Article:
3 Consumers To Sell, 1 To Buy
David is a member of The Motley Fool Blog Network -- entries represent the personal opinion of the blogger and are not formally edited.
In an uncertain economic landscape, macro investors are naturally on the fence about some consumer good companies. Despite this expressed sentiment, Procter & Gamble (NYSE: PG), Colgate-Palmolive (NYSE: CL), and Avon Products (NYSE: AVP) all trade at high PE multiples—north of 20x. In my view, and that of the Street, these stocks are too expensive to justify a current investment. These companies also have matured past the steep part of their growth curves, so investors are advised to look elsewhere for better earnings yield. While making venture capital investments is the obvious way to play growth, buying shares in recent IPOs can also be lucrative. Pazoo (PZOO.OB), for example, went public late June and has more than doubled with strong momentum. I recommend buying shares in emerging consumer good firms and holding off from the mature brands for now.
Procter & Gamble
P&G is a perfect example of a company that is neither a poor nor good investment. It trades at a respective 21.3x and 15.8x past and forward earnings, that’s high, given that the historical average PE multiple of the S&P 500 has been around 15x. Moreover, the stock is right around its 52-week high. On the positive side, however, the dividend yield is at 3.4% and forecasted annual EPS growth is fairly strong at 8.5%.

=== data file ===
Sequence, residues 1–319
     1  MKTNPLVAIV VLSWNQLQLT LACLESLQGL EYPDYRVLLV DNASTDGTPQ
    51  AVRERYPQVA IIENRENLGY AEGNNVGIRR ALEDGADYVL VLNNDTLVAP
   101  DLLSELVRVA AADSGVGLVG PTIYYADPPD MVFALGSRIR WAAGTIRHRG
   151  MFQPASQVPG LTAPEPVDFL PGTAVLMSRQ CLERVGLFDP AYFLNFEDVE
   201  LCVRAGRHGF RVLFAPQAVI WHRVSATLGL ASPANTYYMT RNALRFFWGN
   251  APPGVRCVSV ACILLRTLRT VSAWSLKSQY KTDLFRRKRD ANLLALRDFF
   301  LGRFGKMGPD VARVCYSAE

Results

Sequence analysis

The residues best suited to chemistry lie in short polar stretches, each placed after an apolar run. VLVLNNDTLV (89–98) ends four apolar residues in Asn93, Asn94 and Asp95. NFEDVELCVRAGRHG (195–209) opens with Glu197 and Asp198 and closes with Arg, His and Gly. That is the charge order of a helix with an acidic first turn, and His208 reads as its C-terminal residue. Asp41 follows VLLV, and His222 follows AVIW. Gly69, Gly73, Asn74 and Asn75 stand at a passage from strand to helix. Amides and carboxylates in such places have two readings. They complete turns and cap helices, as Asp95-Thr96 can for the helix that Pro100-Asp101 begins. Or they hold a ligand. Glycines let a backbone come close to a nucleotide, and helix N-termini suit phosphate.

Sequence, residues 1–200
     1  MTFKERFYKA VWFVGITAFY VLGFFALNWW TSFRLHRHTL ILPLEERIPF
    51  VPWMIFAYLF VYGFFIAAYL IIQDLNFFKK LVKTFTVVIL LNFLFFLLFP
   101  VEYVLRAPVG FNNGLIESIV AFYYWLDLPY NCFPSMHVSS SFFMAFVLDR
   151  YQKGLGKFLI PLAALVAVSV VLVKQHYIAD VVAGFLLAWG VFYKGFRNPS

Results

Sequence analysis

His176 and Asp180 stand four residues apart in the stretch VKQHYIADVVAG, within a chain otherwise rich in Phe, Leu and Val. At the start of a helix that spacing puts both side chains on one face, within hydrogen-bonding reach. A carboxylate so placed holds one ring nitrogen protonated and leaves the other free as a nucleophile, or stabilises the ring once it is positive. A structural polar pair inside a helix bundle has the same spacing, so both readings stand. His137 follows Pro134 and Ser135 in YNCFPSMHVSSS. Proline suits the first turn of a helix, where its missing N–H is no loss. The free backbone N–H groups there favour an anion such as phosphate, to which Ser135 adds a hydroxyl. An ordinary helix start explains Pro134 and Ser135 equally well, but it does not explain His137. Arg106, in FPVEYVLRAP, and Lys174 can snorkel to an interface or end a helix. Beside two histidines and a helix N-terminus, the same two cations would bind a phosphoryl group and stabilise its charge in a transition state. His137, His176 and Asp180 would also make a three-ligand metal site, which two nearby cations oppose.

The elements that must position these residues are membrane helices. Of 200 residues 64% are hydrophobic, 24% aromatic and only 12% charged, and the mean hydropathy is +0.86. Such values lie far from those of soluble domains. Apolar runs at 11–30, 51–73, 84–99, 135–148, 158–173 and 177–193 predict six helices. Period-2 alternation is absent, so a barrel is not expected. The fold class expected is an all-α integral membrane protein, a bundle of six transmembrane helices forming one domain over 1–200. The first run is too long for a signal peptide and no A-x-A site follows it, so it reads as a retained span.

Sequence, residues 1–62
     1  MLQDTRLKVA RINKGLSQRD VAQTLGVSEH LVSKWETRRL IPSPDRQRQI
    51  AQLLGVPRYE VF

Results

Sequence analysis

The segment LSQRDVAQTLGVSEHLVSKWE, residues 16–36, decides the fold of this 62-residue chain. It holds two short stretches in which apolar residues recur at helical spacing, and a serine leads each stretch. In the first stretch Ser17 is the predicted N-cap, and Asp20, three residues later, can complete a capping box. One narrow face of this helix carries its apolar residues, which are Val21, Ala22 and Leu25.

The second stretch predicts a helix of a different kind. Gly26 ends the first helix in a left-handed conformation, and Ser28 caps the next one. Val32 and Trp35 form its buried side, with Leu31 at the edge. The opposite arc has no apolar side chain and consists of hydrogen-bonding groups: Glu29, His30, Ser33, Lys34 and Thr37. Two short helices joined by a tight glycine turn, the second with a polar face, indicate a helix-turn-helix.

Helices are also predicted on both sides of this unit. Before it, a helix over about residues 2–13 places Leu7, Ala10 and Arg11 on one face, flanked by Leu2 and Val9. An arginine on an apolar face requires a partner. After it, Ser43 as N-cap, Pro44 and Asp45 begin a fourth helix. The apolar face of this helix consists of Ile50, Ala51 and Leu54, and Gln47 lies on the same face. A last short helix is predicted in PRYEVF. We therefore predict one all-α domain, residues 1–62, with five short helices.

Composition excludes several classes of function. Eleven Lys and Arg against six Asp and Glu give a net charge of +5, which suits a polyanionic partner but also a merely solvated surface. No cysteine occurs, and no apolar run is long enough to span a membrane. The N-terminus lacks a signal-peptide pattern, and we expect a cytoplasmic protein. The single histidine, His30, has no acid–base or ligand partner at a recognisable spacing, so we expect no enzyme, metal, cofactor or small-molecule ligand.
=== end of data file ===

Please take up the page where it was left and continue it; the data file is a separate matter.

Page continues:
4Q12 earnings results were 6.5% better-than-expected with top-line organic sales growth at 3%. Fortunately, the company has become increasingly slanted towards high-growth developing markets, which now contributed nearly two-fifths of business. China, Brazil, and India saw organic growth rates of 9%, 17%, and 21%, respectively. Pricing has contributed four points to organic growth—a positive sign the company has credible bargaining power over consumers. In fact, pricing was able to expand gross margins by 220 bps and offset the negative 200 bps impact of higher input costs. Market sales in developed markets were down, however, relative to competitors.
Going forward, management is focused on improving productivity through trimming unnecessary costs. It is disconcerting, however, that there appears to be limited value-creating opportunities. A change to the mix effect has had a negative impact of around 200 bps per quarter. I am further concerned that profit growth seems to be overly reliant on domestic momentum. Under such high multiples, I recommend holding out.
Colgate is another expensive consumer goods firm. It trades at a respective 20.8x and 17.9x past and forward earnings with a 2.4% dividend yield and high double-digit ROA, ROE, and ROI. The PE multiple has not been this high since around September 2008 - all years dating back to 2004 were above 20.8x. Stock volatility is less than half of the broader market.
Free cash flow has steadily gone up over the years with TTM production of $1.7B by 2008's end. By 2011's end, that figure reached $2.6B for a CAGR of 23.7%. Much of this, however, was the result of acquisitions. Monthly revenue growth has slowed from the historical average of 5.8% average while gross profit margins have struggled to stay at reasonable levels given the competition.
Second quarter EPS was in-line at $1.33, but management pitched performance as if it went extremely well. To the company's credit, organic sales growth went up in every major category as emerging markets saw double-digit returns. Greater Asia/Africa business remains particularly attractive with a 12% gain in Latin America and rising toothpaste share in Asia. In India, the company has a majority of the market in toothpaste at 53.8%. Toothpaste share climbed 150 bps to 33.7% in China. All in all, top-line data was phenomenal but costs could have been contained more, which led to merely in-line results.